Lauren Boebert MP reveals weapons within the background through the Digital Home Committee assembly

The House Natural Resources Committee held its first organizational meeting which included the adoption of the body’s rules. Republicans proposed an amendment to remove a provision prohibiting lawmakers from bringing firearms to gatherings.

Rep. Jared Huffman, D-Calif., Who has been participating in a one-man crusade for several years to tighten gun regulations on Capitol Hill, mocked Boebert during the hearing.

“If someone wants a shrine to their gun fetish as a zoom backdrop in their personal life, they can,” Huffman said. “But this is our listening room and at some point we will overcome the covid epidemic and everyone will show up in person.

“It is necessary that we establish these ground rules that you will not bring your fetishes or feelings about guns into our committee room,” he added.

Boebert replied that the Democrats were violating their constitutional rights.

“It doesn’t matter how you feel, how you classify it. This is an enumerated right. . . Carry guns, ”she said.

A 1967 law banned firearms anywhere in the Capitol building and grounds, but gave the U.S. Capitol Police the power to make exceptions. Later that year, the Capitol Police ruled that lawmakers could keep them in their personal offices and move unloaded firearms “within the Capitol Ground”.

There has been debate over whether this means they can bring guns into committee rooms. To remove the ambiguity, the Democrats in the Committee on Natural Resources added an explicit rule that at least forbids it in that committee. Republicans argued that no other committee had done this, and accused the Democrats of using the panel politically.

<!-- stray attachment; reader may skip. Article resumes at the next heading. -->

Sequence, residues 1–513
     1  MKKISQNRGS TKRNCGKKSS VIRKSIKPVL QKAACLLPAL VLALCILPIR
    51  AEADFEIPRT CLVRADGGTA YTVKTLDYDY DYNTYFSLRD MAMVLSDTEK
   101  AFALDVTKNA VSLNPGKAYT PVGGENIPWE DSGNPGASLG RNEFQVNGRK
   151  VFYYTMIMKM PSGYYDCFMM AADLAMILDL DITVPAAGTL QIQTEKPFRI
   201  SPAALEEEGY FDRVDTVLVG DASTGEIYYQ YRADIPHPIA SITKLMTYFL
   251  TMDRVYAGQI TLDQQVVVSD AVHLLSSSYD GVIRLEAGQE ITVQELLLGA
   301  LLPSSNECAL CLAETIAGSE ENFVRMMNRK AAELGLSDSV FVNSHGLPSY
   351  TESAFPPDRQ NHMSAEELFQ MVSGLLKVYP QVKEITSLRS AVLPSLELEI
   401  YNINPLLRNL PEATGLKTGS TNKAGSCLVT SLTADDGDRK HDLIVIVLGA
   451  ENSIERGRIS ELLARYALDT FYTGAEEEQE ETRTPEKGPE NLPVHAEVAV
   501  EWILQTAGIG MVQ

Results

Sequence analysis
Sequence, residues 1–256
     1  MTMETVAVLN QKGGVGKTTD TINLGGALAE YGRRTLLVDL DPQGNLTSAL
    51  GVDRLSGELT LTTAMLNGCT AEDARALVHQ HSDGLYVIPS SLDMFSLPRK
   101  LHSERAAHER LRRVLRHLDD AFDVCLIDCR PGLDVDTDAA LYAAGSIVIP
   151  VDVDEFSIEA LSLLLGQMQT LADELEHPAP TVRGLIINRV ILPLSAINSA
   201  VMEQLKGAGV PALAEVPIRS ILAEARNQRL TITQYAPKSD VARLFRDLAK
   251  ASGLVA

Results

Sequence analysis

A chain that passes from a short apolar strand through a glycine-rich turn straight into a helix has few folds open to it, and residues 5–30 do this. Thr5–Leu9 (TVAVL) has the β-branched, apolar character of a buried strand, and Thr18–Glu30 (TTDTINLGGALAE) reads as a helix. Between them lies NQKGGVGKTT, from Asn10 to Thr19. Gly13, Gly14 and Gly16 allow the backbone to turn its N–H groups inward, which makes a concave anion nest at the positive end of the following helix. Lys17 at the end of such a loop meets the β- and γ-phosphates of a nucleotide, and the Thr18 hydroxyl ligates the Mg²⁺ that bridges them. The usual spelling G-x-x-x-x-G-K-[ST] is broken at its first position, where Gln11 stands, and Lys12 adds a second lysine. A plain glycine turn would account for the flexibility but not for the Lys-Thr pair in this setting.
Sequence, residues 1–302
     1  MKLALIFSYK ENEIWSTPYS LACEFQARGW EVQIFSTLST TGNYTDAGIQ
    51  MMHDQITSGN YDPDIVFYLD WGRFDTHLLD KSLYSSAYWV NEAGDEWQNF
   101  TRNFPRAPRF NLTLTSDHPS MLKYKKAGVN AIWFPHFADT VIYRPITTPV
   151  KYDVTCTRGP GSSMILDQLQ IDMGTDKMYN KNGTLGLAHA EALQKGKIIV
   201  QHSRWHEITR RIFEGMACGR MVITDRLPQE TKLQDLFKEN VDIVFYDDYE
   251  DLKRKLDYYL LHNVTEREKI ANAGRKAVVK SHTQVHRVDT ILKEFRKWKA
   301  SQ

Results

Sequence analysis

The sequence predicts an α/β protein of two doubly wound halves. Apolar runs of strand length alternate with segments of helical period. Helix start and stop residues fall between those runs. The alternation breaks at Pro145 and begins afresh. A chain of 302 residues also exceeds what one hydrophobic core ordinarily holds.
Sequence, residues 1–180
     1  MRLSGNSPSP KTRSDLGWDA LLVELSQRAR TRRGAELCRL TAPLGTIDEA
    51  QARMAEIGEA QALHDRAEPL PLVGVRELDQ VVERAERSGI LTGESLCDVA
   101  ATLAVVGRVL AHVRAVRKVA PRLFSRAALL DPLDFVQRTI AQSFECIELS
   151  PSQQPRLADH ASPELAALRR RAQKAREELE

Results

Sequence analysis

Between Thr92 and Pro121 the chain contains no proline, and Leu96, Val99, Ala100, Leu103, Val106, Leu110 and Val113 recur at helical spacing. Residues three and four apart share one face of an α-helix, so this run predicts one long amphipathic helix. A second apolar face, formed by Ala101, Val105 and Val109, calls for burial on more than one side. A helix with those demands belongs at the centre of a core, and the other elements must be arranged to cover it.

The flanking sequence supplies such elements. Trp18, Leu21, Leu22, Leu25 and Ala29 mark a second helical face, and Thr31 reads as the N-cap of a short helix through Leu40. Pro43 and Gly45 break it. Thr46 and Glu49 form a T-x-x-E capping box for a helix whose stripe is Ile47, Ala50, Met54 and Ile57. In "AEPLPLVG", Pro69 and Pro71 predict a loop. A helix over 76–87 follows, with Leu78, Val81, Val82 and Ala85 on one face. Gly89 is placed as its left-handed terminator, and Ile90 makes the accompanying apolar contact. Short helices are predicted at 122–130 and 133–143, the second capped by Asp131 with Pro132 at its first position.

“This rule goes deeper than just this committee, and the Democratic majority is trying to restrict and undermine our Second Amendment rights on public land in this land,” said Rep. Bruce Westerman (Ark.), Senior Republican on the committee .

After the siege of the Capitol on January 6, the Capitol Police installed metal detectors outside the chambers of the House and Senate. Boebert led a revolt against her after he triggered the detector and refused to allow police to check her bag.

Huffman believes that the way the law is written, a lawmaker could and would be allowed to carry an AK-47 openly through the Capitol complex. He said he was shocked when Boebert prominently displayed her guns at the committee hearing.

“It was mind blowing for all of us, and I’m sure that was the point,” Huffman said in an interview. “I think what she doesn’t seem to understand is that all that stern waving of guns doesn’t make people around you feel safe when you are heavily armed in their presence.”

Boebert was criticized on Twitter for not storing her weapons safely.

“Who Says This Is Storage?” She answered. “These are ready to use.”

Correction: An earlier version of this story incorrectly stated that Rep. Jared Huffman represented Colorado. He represents California.

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